Many repeated lines of text in Java is a sign that there is a more elegant way to solve the problem.  In the following example, the developer needed to convert any letter of the alphabet from lower to upper case:

if (theChar == 'a') theChar = 'A';
if (theChar == 'b') theChar = 'B';
if (theChar == 'c') theChar = 'C';
// 22 lines removed from here
if (theChar == 'z') theChar = 'Z';

Repetitive code like this works but should never be seen for the same reason you don't drive your car to the toilet – there is usually a simpler way.

After the second line the developer should have felt the impending tedium of twenty-five more lines and asked one of their colleagues if there was a better approach, which there was:

theChar = Character.toUpperCase(theChar);

There is no shame in asking for advice, but make sure you show you spent some research time trying to look for solutions first and remember the answer for next time.

“Brian had the job of writing importers for each of the XML data feeds to load third party information into our application. Without consulting other more experienced developers, he decided immediately that a manual XML parsing approach was the best approach. After all, he could write it using his extensive knowledge of String.indexOf() and tokenization.  

But Brian should have used one of the many open source XML parsing libraries that were available.

Parsing XML using String tokenization is not easy.  By the tenth call to String.indexOf() Brian may have started to wonder if he had the right plan of attack.  But he soldiered on and created a thousand lines of code for each feed. The parsers worked acceptably until the XML supplier started manually editing the streams, adding bugs. Despite the XML no longer validating, Brian added fault tolerance to his parsers by manually fixing up the offending lines, replacing Strings he knew had the wrong text in them. Next the XML supplier added invalid characters to the feeds so Brian did a find/replace of the characters with new ones. It was not for Brian to wonder why the odd characters were coming in or to realize that the encoding of the XML was not UTF-8.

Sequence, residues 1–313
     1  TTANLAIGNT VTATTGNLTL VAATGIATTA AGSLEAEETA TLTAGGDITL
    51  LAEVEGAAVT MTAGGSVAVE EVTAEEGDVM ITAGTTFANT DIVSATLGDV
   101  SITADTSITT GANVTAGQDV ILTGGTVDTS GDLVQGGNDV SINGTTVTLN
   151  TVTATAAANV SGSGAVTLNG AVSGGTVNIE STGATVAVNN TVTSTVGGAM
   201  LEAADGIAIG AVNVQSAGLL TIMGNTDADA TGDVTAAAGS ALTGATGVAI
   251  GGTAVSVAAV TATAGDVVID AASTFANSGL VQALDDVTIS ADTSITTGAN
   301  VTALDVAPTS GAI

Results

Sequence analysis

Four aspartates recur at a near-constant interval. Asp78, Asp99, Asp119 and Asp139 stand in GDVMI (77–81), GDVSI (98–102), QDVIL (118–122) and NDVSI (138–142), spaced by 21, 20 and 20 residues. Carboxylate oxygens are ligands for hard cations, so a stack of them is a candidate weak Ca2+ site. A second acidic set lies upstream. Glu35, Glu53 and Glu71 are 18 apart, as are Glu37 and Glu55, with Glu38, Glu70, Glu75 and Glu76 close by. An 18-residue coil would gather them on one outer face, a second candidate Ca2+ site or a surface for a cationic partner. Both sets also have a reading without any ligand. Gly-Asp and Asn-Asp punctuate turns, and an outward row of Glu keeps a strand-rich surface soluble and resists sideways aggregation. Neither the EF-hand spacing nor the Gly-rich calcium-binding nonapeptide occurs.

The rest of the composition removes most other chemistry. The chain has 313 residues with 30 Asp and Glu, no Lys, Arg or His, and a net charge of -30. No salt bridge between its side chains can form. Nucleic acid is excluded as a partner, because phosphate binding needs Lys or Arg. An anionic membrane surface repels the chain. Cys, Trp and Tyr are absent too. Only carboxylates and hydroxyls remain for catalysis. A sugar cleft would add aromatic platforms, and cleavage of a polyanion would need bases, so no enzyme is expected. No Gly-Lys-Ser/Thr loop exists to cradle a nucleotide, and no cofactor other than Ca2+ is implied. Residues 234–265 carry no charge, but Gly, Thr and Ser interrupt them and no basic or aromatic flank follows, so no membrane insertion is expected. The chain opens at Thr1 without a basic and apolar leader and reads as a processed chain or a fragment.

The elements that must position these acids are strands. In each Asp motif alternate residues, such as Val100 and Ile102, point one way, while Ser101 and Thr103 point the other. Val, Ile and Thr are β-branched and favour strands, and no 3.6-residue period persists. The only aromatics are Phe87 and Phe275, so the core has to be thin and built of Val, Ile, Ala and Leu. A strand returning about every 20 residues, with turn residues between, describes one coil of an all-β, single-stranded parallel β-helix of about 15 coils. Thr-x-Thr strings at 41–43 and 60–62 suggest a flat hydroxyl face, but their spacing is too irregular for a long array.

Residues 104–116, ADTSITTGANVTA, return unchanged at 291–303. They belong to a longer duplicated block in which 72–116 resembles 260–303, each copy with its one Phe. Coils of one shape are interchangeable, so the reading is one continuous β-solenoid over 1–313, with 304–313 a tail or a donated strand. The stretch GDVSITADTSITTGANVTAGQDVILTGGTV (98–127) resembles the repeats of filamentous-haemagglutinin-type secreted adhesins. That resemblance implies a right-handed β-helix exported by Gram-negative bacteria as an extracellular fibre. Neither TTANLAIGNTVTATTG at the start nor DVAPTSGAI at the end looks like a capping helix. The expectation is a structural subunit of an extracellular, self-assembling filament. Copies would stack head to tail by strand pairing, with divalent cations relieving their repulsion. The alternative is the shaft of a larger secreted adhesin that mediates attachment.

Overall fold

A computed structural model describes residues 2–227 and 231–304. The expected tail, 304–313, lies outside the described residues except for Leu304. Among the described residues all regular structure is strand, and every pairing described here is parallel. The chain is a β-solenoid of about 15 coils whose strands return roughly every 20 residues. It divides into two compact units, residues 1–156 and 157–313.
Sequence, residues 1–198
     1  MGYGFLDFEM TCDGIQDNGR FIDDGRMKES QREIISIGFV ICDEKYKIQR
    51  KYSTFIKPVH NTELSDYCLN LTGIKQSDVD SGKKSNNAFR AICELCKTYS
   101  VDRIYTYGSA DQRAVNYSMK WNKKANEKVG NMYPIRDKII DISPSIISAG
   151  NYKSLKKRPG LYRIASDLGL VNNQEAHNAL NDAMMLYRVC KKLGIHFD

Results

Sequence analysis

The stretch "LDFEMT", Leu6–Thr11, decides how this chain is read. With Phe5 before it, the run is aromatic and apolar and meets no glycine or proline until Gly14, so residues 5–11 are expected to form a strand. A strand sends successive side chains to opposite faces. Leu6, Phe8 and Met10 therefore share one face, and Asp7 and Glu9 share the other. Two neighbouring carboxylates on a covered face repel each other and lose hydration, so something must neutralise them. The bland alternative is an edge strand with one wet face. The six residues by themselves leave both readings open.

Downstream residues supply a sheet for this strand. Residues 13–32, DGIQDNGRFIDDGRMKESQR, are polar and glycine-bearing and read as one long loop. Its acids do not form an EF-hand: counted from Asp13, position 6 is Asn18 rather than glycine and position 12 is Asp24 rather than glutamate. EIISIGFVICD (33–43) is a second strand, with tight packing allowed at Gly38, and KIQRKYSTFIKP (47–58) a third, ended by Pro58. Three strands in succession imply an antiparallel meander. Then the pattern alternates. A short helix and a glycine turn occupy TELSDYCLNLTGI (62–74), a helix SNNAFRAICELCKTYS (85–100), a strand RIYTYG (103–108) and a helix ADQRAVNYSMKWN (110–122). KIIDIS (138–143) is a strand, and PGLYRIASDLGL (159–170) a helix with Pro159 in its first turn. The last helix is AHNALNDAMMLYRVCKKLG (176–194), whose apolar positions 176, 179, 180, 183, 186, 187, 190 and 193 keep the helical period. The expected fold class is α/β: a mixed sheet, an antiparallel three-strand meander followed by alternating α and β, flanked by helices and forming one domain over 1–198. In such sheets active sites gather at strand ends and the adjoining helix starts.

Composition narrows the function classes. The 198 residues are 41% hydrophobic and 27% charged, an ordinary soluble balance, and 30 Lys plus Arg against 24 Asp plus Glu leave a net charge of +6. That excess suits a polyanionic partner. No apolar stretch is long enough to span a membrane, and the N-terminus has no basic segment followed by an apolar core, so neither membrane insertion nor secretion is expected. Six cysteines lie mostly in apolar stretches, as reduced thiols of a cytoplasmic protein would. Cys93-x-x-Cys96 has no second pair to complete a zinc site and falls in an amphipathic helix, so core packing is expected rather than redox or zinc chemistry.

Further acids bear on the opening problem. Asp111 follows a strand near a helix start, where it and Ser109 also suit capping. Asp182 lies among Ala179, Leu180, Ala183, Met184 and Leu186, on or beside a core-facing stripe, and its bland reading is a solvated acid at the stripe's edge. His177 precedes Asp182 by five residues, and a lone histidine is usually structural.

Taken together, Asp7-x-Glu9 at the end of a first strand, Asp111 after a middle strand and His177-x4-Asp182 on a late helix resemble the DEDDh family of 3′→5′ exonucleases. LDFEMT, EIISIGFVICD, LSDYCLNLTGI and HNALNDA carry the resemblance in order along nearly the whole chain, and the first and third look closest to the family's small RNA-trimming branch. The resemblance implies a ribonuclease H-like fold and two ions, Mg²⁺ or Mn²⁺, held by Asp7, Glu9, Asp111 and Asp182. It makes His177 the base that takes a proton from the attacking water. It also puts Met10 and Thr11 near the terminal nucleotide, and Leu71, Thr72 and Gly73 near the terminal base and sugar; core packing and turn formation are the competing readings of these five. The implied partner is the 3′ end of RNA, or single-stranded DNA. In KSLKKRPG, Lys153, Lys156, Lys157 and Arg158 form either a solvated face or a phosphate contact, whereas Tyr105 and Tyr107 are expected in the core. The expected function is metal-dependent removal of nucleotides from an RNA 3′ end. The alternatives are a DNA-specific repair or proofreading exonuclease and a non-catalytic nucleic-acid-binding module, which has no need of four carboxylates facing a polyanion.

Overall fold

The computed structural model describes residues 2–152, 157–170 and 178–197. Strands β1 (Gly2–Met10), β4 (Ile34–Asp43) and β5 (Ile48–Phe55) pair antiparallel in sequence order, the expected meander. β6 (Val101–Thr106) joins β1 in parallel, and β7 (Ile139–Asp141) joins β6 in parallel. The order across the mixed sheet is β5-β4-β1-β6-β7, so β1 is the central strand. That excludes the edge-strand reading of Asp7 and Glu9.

Thus changes were made in reaction to each new invalid character or broken tag that was found.  A few months later the XML supplier found problems with their feed and fixed them all at once so the XML validated correctly. Brian's parsing libraries would not accept the valid XML. By then Brian was off the project and nobody could maintain his bespoke solution.”

Brian's solution

  • Manual code written for parsing all XML. Large methods containing lots of Java code.

  • Did not support different character encoding and used String replace functions to filter unexpected characters.

  • No validation of incoming XML and attempts to fix badly formed XML which should have been rejected.

  • Written in a month; needs optimization due to poor performance.

  • Difficult to change – developed for Brian to understand only.  The wiki page for the XML parser still reads “Brian to fill in this section”.

The Open Source solution

  • Uses open source XML parsing libraries.  Handlers are written only for the XML leaf – very little actual code required.

  • Readily supports different character encoding.

  • Validates incoming XML against a schema and raises errors when it fails.

  • Libraries were already written over a period of years so is optimized for speed and small memory footprint.  Far quicker to implement than Brian's solution.

  • Maintainable – uses well documented industry standard libraries, so understood by any Java developer who has coded for XML before.

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